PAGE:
Could an entirely new approach to online security, based on distributed sanctions, help prevent cybercrime, fraud and identity theft? A report in the International Journal of Intercultural Information Management suggests it could.
Susan Brenner of the University of Dayton School of Law, in Dayton, OH, and Leo Clarke of the Thomas M. Cooley School of Law, in Lansing, MI, suggest that government could control cybercrime by requiring anyone accessing cyberspace to employ reasonable security measures but without infringing on civil liberties.
Modern criminal law has its origins in the industrial revolution of the nineteenth century and does not meet the needs of the current digital age, Brenner and Clarke explain. Currently, sanctions against criminals, such as prison sentences, fines, and the freezing of assets rely on a system that can entrap the criminals in order to bring them to justice.
As such, the law repeatedly fails to tackle the modern phenomenon of cybercrime, where criminals operate virtually through distributed networks and exploit a multitude of loopholes in software and hardware, and as ever through social engineering. There are many reasons that the old legal system fails to combat cybercrime, but primarily it is because the criminal can be anywhere in the world, all they need is an internet connection to commit many thousands of crimes at once.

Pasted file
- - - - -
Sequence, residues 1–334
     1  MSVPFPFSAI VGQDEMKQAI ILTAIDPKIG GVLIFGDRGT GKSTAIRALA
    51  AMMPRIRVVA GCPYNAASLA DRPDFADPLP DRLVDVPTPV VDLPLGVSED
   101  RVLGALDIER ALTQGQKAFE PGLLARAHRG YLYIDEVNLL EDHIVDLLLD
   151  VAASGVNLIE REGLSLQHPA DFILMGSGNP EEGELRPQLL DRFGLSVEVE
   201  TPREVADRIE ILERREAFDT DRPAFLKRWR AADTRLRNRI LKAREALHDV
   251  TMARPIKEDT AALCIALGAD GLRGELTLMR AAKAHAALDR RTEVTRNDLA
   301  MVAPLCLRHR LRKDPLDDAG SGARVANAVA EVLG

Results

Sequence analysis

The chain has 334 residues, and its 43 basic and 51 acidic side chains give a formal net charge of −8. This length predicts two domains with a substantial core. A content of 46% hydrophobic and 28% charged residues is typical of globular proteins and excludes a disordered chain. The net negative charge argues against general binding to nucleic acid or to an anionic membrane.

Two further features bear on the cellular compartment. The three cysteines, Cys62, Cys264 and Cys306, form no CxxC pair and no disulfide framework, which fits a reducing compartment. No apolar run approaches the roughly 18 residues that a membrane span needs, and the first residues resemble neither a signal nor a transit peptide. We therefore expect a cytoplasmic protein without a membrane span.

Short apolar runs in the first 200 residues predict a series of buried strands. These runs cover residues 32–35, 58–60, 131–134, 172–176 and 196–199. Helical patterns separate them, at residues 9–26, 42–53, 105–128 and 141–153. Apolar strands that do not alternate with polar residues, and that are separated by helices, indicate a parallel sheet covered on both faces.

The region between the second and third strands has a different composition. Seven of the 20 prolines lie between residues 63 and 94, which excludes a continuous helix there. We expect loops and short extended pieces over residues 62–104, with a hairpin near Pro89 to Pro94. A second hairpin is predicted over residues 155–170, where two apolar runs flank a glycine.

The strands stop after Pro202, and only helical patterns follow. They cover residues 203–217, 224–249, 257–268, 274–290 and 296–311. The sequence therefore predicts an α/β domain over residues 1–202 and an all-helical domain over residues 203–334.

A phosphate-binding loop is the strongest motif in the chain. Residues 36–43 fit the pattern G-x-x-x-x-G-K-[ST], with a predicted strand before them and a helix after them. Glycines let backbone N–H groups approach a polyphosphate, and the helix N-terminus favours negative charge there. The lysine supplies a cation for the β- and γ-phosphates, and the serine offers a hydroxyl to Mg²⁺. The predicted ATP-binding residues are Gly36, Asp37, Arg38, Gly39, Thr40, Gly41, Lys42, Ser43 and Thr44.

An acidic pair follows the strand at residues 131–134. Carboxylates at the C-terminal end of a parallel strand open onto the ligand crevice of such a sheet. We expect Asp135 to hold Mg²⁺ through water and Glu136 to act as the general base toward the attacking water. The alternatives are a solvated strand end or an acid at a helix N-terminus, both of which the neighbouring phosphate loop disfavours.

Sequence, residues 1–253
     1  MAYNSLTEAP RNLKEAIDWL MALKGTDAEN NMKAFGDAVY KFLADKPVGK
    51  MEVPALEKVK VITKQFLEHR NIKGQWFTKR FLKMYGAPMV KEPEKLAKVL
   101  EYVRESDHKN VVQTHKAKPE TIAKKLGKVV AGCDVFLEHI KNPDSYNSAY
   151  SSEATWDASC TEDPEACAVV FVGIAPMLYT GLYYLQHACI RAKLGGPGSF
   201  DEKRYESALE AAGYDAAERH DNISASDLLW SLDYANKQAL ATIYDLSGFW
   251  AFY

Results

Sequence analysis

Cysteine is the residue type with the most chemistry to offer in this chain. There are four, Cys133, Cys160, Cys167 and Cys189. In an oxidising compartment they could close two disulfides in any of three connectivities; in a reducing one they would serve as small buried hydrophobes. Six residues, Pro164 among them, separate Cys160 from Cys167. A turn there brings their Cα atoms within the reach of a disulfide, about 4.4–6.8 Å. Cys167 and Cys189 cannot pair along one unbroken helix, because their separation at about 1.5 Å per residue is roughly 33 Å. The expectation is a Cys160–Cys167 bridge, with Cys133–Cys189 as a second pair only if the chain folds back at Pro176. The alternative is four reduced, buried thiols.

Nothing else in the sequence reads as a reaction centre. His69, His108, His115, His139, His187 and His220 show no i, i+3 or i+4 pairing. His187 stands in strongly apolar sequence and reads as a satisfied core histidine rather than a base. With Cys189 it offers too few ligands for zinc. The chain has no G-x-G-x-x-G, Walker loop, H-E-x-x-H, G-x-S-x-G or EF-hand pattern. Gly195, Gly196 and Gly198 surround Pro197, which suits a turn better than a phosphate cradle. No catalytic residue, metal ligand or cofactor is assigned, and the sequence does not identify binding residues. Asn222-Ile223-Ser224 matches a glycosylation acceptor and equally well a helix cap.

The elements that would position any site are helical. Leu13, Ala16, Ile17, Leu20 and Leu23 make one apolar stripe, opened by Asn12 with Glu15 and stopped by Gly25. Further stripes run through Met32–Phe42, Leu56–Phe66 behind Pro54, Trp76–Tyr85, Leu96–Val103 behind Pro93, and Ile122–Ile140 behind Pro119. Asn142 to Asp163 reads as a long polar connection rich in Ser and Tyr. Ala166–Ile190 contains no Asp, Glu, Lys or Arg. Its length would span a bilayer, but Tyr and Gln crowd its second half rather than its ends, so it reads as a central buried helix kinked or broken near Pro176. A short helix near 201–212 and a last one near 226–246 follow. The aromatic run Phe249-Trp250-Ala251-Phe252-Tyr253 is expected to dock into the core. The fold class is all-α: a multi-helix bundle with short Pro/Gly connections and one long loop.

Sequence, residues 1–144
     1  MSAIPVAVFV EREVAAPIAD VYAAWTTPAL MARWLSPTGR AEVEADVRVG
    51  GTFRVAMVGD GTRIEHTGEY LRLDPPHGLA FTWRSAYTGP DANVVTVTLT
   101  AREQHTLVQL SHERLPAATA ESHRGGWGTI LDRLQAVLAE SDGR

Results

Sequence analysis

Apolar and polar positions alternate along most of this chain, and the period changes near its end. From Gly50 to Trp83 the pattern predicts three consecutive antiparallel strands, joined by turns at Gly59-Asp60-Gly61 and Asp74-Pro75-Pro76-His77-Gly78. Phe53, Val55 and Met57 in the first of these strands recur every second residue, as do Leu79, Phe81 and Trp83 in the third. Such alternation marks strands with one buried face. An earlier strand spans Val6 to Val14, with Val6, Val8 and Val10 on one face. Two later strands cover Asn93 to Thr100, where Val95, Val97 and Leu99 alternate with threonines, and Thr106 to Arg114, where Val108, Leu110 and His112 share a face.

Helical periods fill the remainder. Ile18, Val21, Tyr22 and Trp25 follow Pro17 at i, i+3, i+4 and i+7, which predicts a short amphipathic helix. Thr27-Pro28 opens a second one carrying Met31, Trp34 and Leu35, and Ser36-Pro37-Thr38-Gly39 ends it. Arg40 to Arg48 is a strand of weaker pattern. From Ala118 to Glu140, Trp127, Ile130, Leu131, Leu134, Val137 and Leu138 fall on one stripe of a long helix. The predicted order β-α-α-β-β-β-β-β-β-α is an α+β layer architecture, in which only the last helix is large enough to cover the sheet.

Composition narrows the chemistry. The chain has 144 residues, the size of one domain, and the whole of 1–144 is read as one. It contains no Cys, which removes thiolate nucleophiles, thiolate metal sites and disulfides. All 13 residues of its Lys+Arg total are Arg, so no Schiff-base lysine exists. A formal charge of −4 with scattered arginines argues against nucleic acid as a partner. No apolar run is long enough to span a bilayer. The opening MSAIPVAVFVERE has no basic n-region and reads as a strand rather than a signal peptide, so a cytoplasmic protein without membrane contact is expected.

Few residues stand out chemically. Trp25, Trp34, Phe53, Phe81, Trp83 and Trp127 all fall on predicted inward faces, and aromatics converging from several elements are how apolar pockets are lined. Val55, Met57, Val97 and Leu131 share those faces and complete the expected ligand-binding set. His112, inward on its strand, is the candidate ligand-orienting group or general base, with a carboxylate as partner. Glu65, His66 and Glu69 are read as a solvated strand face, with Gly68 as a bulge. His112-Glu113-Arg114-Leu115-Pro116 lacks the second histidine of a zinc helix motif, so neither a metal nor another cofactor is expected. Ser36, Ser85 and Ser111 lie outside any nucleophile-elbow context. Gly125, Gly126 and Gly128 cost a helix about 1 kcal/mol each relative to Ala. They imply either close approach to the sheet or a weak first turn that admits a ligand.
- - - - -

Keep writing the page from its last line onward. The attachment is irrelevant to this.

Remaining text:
The researchers say that a new paradigm is now needed to cope with this changing landscape of criminal activity. This new paradigm cannot rely on sanctions, but must instead turn the distributed nature of cybercrime on its head.
They suggest that a new model must shift the focus of law enforcement from reaction and punishment to deterrence and prevention and to do so requires something akin to community policing but in the virtual world. Individuals must recognize that they are their own front line defense against cybercrime, but with the critical community structures that can exist on the internet they are not alone in building and maintaining their defenses, the researchers explain.
Fundamentally, Brenner and Clarke argue, a new generation of cybercrime prevention laws would require citizens, organizations, and companies to identify and obtain the tools necessary to prevent cybercrime, to install these tools and keep them updated, and to use them in an effective manner to prevent identity theft, anonymous email relaying, and the expansion of zombie networks of infected computers.
However, they do not provide a prescription for deciding which tools are effective or how this might be policed. Nevertheless, by inverting the usual prevention and sanction approach, the individuals' expectation of law enforcement becomes their responsibility to avoid being a victim.